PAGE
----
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Maybe it is because we live in New York City, where incredible wealth and poverty are to be seen on a daily basis. Or, it is the age, or for some other reason, my son was very interested in money when he turned 6 - and his current favorite podcast still is the Marketplace podcast Million Bazillion. Obviously it is a complex, but also important topic. Money permeates our lives in many ways, and understanding how it works is important. Just as important as learning certain values and that money can't buy everything.

Interestingly there are lots of picture books in English to help children understand the concept of money, the importance of saving and even board books about stock market. And according to some US experts, you should start talking about money as early as age 3, because money habits are set early. In German there are fewer kids' books publications on the topic. Possibly because the topic of money in German speaking countries is somewhat of a taboo even today. However, there are still a lot of interesting books starting at age 4 that explore the different aspects - on saving money, poverty, economy, how money works. Here are our recommendations!

Lorenz Pauli, Claudia de Weck


Milan watches Alma build a tree house from wood she found. He immediately wants one, too. So he asks his mother, and she buys him some DIY -kit some a level or two up. While he gets some tools, Alma steals his planks. Obviously he objects and says, if she wants some wood, she has to pay for it. And the two set up a deal: he will help her to earn money and then he will sell her some other wood.

Eventually they build both houses together, but they lack a ladder. So they need to buy it. However, they don't have enough money.. Can they just make their own money to buy it?

This book, written by one of Switzerland's most acclaimed picture book authors, can be read as a tale of friendship and building. Or lend itself to explaining lots of concepts about money and fairness. Colorful illustrations make it even more fun.

4 years and up

Angela Weinhold


If your child is into nonfiction, you know the series WIESO WESHALB WARUM that offers books on almost any topic. And of course, there is one on money and economy as well. Why do grownups work? What happens with the money they earn? What are banks for? Lots of flaps make it fun to explore.

4 years and up

Tom Percival


Isabel's parents don't have much money - but they have each other. Things take a turn for the worse, when they are unable to pay the bills or their rent. They have to move into one of the towers on the other end of the city. Isabel feels lonely, and worse still invisible. But then Isabel notices others that are invisible: a homeless man feeding birds, an old lady planting flowers in old cans. And she helps them and suddenly makes a difference.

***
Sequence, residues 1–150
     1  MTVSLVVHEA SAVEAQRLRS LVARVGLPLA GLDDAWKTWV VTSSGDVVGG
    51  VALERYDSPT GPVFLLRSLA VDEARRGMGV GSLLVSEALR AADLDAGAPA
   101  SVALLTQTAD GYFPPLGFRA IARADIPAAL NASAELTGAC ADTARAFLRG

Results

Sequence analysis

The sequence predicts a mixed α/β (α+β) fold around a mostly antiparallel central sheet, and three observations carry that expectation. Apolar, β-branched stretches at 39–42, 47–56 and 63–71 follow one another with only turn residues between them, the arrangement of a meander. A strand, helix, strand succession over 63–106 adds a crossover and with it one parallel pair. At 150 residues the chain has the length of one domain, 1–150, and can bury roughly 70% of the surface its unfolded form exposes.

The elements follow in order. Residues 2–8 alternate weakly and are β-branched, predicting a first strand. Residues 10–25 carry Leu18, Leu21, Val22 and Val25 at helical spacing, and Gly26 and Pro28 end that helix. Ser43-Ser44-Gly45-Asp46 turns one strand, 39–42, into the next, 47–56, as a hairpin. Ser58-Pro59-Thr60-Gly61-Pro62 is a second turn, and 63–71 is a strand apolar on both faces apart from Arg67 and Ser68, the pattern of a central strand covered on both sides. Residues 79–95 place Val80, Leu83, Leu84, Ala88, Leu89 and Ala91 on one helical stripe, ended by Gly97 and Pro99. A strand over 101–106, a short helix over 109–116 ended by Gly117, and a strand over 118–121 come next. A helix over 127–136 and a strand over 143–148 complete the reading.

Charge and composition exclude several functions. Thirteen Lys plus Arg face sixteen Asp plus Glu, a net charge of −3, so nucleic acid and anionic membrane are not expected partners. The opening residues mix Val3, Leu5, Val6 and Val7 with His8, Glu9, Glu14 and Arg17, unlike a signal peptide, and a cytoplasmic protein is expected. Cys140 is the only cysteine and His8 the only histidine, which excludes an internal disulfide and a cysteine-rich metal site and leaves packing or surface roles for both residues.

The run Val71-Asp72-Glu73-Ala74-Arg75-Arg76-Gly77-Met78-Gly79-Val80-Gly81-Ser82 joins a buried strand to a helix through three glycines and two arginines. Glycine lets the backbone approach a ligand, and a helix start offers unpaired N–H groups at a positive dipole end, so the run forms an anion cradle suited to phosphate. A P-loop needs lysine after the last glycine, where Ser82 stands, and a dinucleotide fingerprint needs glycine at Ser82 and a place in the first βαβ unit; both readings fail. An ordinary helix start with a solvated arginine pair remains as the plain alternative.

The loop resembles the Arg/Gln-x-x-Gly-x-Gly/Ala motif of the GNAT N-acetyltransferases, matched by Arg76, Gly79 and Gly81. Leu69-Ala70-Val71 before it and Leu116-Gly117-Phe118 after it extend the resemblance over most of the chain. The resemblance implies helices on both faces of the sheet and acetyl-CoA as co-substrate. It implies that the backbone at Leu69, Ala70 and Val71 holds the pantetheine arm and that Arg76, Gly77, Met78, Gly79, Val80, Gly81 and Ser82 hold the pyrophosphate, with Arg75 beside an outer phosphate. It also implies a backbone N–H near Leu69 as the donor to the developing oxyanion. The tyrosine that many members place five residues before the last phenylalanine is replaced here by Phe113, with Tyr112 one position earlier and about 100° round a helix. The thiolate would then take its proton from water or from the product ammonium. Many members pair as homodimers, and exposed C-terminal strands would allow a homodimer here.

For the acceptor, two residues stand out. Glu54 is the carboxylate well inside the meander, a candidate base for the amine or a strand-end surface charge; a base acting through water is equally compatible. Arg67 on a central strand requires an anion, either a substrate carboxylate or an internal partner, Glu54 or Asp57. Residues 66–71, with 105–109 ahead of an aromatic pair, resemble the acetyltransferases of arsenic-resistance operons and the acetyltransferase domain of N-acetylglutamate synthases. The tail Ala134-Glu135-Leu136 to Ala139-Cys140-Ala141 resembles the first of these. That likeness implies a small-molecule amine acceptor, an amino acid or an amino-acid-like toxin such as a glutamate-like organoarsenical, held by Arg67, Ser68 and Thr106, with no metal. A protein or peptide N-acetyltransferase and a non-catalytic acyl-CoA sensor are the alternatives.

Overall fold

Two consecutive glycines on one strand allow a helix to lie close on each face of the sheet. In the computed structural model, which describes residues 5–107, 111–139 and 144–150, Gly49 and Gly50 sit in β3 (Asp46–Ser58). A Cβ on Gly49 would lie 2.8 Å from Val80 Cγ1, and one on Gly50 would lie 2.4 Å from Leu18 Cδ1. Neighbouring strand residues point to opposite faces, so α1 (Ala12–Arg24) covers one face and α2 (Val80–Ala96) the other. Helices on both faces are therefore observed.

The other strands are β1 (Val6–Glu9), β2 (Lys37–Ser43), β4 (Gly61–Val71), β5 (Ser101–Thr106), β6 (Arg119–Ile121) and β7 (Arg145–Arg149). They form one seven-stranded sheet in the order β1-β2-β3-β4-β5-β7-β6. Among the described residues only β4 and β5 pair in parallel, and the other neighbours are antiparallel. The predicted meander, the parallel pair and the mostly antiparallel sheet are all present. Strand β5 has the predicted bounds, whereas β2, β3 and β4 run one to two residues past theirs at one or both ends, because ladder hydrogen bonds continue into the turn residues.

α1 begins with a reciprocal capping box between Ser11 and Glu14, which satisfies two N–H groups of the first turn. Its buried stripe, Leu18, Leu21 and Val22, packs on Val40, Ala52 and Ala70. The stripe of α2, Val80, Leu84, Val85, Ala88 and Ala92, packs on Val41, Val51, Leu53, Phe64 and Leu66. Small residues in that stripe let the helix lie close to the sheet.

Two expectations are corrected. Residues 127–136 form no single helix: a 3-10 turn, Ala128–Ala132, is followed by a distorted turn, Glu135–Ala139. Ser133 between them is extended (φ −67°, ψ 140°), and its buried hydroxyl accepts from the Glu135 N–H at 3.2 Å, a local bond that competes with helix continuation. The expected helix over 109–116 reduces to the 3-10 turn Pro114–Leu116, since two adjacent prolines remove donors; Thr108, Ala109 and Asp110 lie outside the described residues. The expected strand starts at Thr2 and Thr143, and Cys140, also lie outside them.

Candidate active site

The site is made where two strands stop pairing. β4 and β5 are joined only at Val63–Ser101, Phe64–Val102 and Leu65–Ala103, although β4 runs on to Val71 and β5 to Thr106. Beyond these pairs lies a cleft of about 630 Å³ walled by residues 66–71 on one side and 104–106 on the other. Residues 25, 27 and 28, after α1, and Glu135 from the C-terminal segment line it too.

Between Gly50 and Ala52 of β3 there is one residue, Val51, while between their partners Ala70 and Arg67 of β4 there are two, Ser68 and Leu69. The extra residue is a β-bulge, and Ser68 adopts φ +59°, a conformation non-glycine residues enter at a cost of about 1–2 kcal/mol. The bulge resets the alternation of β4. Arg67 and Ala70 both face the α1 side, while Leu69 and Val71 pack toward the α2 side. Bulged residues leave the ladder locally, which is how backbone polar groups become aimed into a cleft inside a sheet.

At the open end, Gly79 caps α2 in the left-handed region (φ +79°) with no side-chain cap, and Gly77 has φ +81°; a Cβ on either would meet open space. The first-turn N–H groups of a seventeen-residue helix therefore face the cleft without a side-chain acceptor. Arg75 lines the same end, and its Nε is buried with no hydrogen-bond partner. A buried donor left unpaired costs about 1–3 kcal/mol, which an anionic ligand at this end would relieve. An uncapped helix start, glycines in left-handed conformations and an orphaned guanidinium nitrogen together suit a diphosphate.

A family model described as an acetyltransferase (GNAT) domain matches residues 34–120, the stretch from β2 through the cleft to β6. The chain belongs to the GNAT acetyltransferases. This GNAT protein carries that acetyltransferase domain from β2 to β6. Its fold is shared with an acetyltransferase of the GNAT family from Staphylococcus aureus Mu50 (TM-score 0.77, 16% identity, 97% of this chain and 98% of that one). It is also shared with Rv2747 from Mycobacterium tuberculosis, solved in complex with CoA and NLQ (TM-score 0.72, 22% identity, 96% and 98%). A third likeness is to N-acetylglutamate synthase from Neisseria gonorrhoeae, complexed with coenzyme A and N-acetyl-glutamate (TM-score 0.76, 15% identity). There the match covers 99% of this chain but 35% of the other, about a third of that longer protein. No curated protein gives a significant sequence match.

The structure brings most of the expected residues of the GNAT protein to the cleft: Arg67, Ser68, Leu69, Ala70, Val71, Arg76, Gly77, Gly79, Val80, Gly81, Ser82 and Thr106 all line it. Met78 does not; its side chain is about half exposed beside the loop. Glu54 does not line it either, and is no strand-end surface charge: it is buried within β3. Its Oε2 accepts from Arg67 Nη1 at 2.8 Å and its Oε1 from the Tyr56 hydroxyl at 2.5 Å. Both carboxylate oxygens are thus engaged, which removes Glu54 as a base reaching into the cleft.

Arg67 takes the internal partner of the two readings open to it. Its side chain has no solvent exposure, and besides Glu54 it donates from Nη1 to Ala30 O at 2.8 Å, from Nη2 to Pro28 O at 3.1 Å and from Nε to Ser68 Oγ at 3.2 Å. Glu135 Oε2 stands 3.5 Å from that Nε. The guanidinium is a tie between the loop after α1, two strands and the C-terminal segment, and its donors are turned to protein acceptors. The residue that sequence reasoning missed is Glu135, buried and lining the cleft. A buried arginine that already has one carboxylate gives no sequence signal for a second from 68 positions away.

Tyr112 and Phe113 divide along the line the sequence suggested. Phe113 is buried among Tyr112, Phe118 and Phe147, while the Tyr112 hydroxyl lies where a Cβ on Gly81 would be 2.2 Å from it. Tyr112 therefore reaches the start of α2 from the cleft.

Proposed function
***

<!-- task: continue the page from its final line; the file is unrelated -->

This picture book might not seem to be about money, but it is about poverty. And that we all belong and can be change makers. Tom Percival himself grew up in poverty. He has an uncanny way of making you feel the cold and loneliness with his images. A book with an important message.

4 years and up.

Mike Schäfer


Another non-fiction book - told in age-appropriate language this book explains everything around money in 40 chapters: its history, banks, how saving lending, stocks and insurances work but also what it is like if you don't have money, allowances and different currencies, taxes and so much more.

It is really very well done, connecting all these difficult abstract terms to the real life of children when possible. And the illustrations are colorful, modern and appealing, too. (They also depict diverse characters, an additional plus.)

6 years and up

Hanno Beck, Juliane Schwoch


If you or your child is not so much into non-fiction, there is help: this book

explains money and economy through a fairy tale.

After a big storm, many animals are without a home and without any food and resources. But winter is coming soon, so panic sets in.. The owl has an idea: why not do what humans do? They have to help each other and each one of them does what they are best at. After some effort to trust each other the barter trade works amazingly well. But then the squirrel needs something that takes a few days to get done, and she can only pay in very ripe fruit that won't last. The owl has another great idea: promissory notes. All is well it seems. But one animal, the weasel, is not collaborating, but working against them. And soon lots of them have promissory notes and not enough food to pay for them...

A suspenseful tale that really does make complicated concepts relatable and simple. A slightly older child might be deterred by the childish cover, so if you think your kid is interested, do some convincing! It is really worth while.

9 years and up

Matthew Oldham


A more comprehensive non-fiction book for older kids, is JETZT GEHT'S UMS GELD: it tells what money is, its history, what banks do, online banking and phishing. It dives into the 2009 crash, bail-outs, quantitive easing, the pros and cons of cryptocurrency and the reasons for inequality and so much more. It explains all these complex matters age-appropriately and presents the subject in a very appealing graphical way.

9 years and up

Vitali Konstantinov


An unusual take is this graphic novel on money: Vitali Konstantinov has a unique style of overboarding exuberant pages - and in all this he incorporates a wealth of information and humor. This is a history of money, and thus Konstantinov delves deep into the beginnings of money on different parts of the world - and ends with cryptocurrencies today.

10 years and up


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